Factorial operator !

This is a discussion on Factorial operator ! within the C++ Programming forums, part of the General Programming Boards category; I'm trying to overload a factorial operator, and I'm caught on recursion. Here is my code so far: Code: int ...

  1. #1
    MFC killed my cat! manutd's Avatar
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    Factorial operator !

    I'm trying to overload a factorial operator, and I'm caught on recursion. Here is my code so far:
    Code:
    int operator!(int number);
    ...
    int operator!(int number)
    {
        int temp;
        temp = number*((number-1)!)
        return temp;
    }
    Is there any way I can use ! in the definition? Also, if I define a simple operator, it will not compile, giving the error: 'int operator!(int)' must have an argument of class or enumerated type. I redefined ! to simply multiply the number by itself. (number*number). Can anyone give me some pointers?
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  2. #2
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    You can't redefine operators for basic types.

    You need to create your own integer-like class to define your own factoral opperator.
    It is too clear and so it is hard to see.
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    He could have cooked his rice much sooner.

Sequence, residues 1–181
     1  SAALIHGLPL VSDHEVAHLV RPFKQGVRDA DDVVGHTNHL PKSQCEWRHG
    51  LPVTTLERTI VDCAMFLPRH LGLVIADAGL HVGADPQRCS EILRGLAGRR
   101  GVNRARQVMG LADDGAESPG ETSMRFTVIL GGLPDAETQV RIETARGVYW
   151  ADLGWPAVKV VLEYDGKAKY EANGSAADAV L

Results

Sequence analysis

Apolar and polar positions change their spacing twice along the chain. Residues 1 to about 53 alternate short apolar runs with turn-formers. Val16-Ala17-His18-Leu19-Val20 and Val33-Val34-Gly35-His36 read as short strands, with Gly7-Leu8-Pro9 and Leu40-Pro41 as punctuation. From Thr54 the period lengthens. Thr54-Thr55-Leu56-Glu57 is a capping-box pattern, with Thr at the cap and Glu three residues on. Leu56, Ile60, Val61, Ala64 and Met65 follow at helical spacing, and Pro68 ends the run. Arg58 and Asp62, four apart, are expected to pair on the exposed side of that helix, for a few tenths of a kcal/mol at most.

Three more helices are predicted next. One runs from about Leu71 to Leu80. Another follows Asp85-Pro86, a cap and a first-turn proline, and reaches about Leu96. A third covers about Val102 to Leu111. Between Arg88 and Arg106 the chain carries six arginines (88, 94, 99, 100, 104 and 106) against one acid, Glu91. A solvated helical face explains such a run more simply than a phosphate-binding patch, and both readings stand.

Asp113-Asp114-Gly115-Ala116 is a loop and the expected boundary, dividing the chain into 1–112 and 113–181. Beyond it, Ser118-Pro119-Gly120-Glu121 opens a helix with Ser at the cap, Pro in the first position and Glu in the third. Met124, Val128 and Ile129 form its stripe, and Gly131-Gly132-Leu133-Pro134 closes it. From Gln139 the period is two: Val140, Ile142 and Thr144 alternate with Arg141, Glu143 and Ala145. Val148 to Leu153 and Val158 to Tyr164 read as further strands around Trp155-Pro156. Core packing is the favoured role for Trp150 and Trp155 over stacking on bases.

3. #3
    semi-colon generator ChaosEngine's Avatar
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    from the C++ standard (13.5.6)
    An operator function shall either be a non-static member function or be a non-member function and have at
    least one parameter whose type is a class, a reference to a class, an enumeration, or a reference to an enumeration.
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  4. #4
    MFC killed my cat! manutd's Avatar
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    Thanks, I've rewrote it but I still need an aswer to my recursive question.
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  5. #5
    Just Lurking Dave_Sinkula's Avatar
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    Recursion is a form of a loop. A loop generally has a termination condition. The recursion needs this as well. Perhaps when you've reached zero?
    7. It is easier to write an incorrect program than understand a correct one.
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  6. #6
    semi-colon generator ChaosEngine's Avatar
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    you just need an end case.
    since 1! = 1 just check for that
    Code:
    if (number == 1)
        return 1;
    btw you might want to consider what happens if you input a negative number?
    "I saw a sign that said 'Drink Canada Dry', so I started"
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    If you program in C++, you need Boost. You should also know how to use the Standard Library (STL). Want to make games? After reading this, I don't like WxWidgets anymore. Want to add some scripting to your App?

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    And you need to check for 0 factorial; 0 factorial equals 1.
    It is too clear and so it is hard to see.
    A dunce once searched for fire with a lighted lantern.
    Had he known what fire was,
    He could have cooked his rice much sooner.

  8. #8
    MFC killed my cat! manutd's Avatar
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    Sorry, copying error. Here is my current code:
    Code:
    factorial operator!(factorial thenum)
    {
        factorial temp;
        if(thenum.number <= 0) 
             return 1;
        temp.number = number.number*((number.number-1)!)
        return temp.number;
    }